Senate Would Reduce Medical Malpractice Coverage
ALBANYâ€”The New York State Senate has passed legislation (S.7038), sponsored by Sen. John Flanagan (R-C-I, East Northport) that would lower the required level of primary medical malpractice coverage that a physician or dentist must have in order to qualify for the New York Excess Medical Malpractice Liability Insurance Coverage Program. The measure has been sent to the Assembly.
â€œMalpractice insurance rates are pushing doctors out of our state and, if it continues, that will have a negative impact on the health care system. This measure will provide the first real malpractice premium reduction in years and will allow health care providers to keep practicing in our state,â€? stated Flanagan. â€?That is vital to the health of our residents and the long-term stability of our economy.â€?
The Excess Medical Malpractice Liability Insurance Coverage Program was created in 1986 to help stabilize the cost of medical malpractice liability insurance which was skyrocketing. It was felt that such stability would be critical to preserving access to physicians, especially high-risk specialty care practitioners, and protecting the health care system of New York State.
Funding for this important program has been altered several times and in 2002 was made a component of the Health Care Reform Act (HCRA). Along with this switch, the required level of primary medical malpractice coverage that a physician or dentist must have in force in order to be eligible for Excess coverage was also increased.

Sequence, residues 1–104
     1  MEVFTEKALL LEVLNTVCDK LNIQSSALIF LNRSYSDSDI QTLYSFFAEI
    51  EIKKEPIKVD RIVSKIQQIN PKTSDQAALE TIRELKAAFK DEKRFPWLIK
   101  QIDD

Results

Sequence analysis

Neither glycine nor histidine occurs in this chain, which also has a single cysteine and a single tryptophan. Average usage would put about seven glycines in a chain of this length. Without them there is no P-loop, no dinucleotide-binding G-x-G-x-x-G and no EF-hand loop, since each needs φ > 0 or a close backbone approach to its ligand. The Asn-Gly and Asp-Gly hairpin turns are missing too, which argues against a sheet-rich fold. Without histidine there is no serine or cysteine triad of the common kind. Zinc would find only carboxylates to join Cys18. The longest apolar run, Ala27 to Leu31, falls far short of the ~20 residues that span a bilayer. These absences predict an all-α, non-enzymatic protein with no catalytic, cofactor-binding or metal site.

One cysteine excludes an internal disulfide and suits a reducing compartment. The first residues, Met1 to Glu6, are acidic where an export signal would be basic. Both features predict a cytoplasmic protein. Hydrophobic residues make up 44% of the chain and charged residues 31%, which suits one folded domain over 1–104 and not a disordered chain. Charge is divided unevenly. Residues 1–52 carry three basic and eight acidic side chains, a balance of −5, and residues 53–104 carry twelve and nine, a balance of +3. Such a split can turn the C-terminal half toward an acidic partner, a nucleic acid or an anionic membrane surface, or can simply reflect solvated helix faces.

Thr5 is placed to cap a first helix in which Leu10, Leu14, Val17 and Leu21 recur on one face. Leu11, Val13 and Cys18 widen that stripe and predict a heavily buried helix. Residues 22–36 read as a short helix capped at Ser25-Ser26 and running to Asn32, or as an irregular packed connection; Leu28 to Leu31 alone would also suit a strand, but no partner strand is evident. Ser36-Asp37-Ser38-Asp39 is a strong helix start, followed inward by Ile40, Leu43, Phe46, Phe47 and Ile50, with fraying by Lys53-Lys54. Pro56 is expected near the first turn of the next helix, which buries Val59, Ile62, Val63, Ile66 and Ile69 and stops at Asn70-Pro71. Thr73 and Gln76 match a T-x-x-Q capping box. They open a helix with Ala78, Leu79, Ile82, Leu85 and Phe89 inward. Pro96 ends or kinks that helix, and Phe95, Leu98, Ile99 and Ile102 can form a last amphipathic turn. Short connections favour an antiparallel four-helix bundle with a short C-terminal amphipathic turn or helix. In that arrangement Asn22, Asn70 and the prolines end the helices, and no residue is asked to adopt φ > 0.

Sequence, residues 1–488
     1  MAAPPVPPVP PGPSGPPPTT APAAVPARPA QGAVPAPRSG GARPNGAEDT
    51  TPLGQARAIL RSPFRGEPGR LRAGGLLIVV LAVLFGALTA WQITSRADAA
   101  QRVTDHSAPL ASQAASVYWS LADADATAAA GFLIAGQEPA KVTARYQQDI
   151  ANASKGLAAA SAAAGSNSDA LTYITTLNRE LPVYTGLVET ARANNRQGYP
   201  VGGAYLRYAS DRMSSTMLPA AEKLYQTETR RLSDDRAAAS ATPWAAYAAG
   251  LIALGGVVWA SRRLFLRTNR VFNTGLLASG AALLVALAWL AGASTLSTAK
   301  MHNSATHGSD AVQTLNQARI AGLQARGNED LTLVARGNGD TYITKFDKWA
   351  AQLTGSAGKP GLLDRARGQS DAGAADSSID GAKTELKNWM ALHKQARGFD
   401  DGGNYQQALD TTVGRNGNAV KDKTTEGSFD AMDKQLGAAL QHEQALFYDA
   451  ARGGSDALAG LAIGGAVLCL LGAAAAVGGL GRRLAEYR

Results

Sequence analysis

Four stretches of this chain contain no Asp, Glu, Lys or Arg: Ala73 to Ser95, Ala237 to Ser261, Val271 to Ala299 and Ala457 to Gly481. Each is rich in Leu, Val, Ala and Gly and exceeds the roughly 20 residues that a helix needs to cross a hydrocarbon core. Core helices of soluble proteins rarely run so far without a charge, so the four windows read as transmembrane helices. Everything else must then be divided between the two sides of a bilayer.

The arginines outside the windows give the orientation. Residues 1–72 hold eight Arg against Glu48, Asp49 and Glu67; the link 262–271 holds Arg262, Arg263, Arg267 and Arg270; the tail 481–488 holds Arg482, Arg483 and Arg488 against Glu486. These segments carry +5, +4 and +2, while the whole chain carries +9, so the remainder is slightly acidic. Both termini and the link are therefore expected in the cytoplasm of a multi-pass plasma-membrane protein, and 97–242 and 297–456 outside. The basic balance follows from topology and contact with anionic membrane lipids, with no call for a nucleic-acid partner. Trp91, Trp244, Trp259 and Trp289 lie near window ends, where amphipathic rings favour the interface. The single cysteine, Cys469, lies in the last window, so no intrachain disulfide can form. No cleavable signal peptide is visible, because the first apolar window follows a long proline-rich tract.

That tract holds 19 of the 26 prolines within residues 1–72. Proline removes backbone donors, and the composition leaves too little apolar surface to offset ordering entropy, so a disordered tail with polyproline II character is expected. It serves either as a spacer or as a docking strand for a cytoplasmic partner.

This change led to approximately 6 percent increases in the cost of primary medical malpractice coverage to physicians and dentists. This bill would return the primary coverage back to its pre-2002 levels and would reduce physician and dentists primary medical malpractice premiums by that same 6 percent.
This change would ease the burden that these providers are bearing due to rapidly escalating medical malpractice premiums. In 2007, the New York State Insurance Department approved a 14 percent rate increase which followed increases of over 7 percent in every year since 2003.
â€œThe goal is to make sure that physicians have a realistic opportunity to remain in New York State and to deliver quality care to all of our residents. New Yorkers deserve a quality health care system and we need to attract and retain qualified physicians for that to be a reality,â€? added Senator Flanagan. â€?This legislation will help lower the cost of practicing medicine on Long Island and throughout the State, and that will benefit everyone.â€? 4-15-08